China’s Central Bank Moves to First Liquidity Easing Policy in 3 Years
Lost in the happiness over the dollar swaps today was the news after the Chinese market close yesterday that the country’s central bank was moving to its first easing stance in 3 years. A small step but considering the country is still dealing with inflation, especially of the food kind, it’s an interesting change of heart. With China being the primary driver of the global bounce in economic activity in 2009-2010, it will be interesting to see how it plays out this time around as many of the loans the Chinese authorized in that era are going bad. Will they be willing to repeat their old actions if there is a wider global recession in 2012? Anyhow a question for another day – for now the official Chinese Purchasing Managers index confirms what we saw last Tuesday with the flash report from HSBC – the first contraction in 32 months. It’s not affecting the Chinese market today since Asian markets were closed before the 8 AM EST coordinated dollar swap plan was announced, hence the region has to ‘catch up’, but this push-pull is something we want to watch very close over the next 6-12 months.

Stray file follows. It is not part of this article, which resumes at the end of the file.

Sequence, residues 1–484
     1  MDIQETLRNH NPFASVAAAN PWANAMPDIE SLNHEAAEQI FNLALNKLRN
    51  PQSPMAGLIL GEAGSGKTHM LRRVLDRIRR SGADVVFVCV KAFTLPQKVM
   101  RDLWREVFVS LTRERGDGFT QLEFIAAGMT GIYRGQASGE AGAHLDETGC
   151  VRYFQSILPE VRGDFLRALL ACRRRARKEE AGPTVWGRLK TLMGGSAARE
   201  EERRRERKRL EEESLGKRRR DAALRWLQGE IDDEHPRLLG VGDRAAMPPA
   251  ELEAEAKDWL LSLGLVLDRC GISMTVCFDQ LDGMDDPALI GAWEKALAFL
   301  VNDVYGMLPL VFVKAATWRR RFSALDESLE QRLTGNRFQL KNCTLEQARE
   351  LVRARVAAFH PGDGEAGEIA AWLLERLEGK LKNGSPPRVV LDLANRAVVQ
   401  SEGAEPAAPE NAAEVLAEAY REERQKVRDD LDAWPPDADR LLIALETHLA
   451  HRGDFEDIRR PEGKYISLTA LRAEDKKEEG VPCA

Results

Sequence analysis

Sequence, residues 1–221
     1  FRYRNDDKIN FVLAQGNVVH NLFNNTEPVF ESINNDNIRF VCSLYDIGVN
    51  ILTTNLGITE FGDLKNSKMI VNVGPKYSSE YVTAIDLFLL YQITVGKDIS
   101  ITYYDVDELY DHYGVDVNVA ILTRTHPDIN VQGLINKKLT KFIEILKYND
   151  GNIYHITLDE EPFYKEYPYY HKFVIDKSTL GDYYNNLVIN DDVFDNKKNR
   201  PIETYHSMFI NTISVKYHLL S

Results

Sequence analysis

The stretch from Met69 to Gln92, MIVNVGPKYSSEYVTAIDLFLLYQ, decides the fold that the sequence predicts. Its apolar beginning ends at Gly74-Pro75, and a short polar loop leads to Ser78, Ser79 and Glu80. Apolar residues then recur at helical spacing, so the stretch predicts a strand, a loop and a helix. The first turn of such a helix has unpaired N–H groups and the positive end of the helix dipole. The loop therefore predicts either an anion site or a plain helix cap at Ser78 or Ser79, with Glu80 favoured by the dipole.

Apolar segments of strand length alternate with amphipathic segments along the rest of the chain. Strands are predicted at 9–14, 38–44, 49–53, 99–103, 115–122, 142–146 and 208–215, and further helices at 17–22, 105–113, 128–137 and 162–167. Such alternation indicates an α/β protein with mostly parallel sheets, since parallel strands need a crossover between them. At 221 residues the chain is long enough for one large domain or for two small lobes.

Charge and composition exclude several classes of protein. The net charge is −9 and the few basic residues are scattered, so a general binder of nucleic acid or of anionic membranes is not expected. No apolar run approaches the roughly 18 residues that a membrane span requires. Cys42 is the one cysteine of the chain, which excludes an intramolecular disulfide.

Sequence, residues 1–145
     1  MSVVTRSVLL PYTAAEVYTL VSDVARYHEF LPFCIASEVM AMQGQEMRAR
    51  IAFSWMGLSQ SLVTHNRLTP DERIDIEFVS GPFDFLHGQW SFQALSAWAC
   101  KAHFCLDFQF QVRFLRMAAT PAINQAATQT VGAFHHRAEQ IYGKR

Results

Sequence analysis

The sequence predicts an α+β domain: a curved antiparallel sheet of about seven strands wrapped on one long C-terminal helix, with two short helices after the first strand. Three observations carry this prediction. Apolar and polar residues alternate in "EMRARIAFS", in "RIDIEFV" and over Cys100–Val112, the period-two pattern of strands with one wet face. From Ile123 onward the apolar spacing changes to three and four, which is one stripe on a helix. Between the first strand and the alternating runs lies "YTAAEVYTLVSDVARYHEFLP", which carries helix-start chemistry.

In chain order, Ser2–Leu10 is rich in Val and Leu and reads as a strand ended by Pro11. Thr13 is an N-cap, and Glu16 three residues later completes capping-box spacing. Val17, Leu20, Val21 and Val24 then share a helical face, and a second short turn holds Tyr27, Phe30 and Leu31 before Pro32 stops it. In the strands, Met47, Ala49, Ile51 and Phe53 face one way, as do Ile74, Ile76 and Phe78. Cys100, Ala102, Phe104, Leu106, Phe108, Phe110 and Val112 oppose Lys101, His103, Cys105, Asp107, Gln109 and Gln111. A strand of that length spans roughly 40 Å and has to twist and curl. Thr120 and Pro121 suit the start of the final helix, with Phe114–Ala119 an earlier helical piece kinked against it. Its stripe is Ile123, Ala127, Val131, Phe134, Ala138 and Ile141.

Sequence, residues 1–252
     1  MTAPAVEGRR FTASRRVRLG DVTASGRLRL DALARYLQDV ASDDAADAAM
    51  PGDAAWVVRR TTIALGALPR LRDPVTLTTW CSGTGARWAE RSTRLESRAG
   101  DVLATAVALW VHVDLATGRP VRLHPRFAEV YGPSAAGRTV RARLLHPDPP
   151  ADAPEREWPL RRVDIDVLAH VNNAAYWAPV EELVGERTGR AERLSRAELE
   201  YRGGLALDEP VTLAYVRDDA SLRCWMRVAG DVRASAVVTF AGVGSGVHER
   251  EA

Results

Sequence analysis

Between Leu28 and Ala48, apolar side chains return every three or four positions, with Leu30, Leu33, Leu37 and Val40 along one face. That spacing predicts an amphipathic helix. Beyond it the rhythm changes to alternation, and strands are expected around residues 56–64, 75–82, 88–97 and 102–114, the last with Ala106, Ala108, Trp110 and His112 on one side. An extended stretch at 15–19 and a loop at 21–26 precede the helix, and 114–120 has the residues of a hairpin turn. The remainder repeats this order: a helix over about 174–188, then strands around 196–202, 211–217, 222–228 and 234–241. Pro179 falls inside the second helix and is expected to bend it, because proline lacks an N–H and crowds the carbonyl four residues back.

- China’s manufacturing contracted for the first time since February 2009 as the property market cooled and Europe’s crisis cut export demand, a survey showed. The Purchasing Managers’ Index fell to 49.0 in November from 50.4 in October, the China Federation of Logistics and Purchasing said in a statement today. The median estimate in a Bloomberg News survey of 18 economists was 49.8. A level above 50 indicates expansion.
- The central bank last night announced the first cut in banks’ reserve requirements since 2008, moving two hours before the U.S. Federal Reserve led a global effort to ease Europe’s sovereign-debt crisis. The move will add about 370 billion yuan ($58 billion) to the financial system and more reductions may follow as the government seeks to support growth, Citigroup Inc. said.
- Today’s report “clearly adds to the urgency for easing,” said Yao Wei, a Hong Kong-based economist with Societe Generale SA. “The PMI is showing weakness across the board and this would seem to be the reason the government cut banks’ reserve requirements. If this trend continues we should see another cut pretty soon.”
- The Shanghai Composite Index fell 3.3 percent yesterday, the biggest decline in almost four months.
- The manufacturing index compiled by the logistics federation and National Bureau of Statistics is based on a survey of purchasing managers in more than 820 companies in 20 industries.
- A gauge of new orders contracted for the first time since January 2009 and the output index expanded at the slowest pace since the same month, today’s survey showed. New export orders fell below 50 for a second straight month.
- “China’s growth will slow further over the next six months,” Li Wei, a Shanghai-based economist with Standard Chartered Plc said before the data. “If the deterioration in Europe and the U.S. accelerates in the first half of next year, the government will have to put maintaining growth as its top priority.”
Trader Mark is the author of Fund My Mutual Fund.
Further Reading: Wall Street Brief: China Contracts, AT&T’s Hail Mary>>